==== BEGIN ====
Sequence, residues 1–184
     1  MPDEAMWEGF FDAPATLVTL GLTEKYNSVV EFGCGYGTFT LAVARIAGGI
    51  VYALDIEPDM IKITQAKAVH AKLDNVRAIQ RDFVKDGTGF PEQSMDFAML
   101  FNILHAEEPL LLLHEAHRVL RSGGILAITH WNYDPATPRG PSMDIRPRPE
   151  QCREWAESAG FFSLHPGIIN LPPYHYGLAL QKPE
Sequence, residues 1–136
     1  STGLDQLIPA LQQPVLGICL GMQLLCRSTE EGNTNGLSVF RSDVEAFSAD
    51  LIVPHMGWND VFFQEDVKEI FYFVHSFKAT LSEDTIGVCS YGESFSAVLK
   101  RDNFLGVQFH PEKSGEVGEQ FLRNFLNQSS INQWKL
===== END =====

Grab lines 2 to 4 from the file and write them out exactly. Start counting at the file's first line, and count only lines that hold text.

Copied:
     1  MPDEAMWEGF FDAPATLVTL GLTEKYNSVV EFGCGYGTFT LAVARIAGGI
    51  VYALDIEPDM IKITQAKAVH AKLDNVRAIQ RDFVKDGTGF PEQSMDFAML
   101  FNILHAEEPL LLLHEAHRVL RSGGILAITH WNYDPATPRG PSMDIRPRPE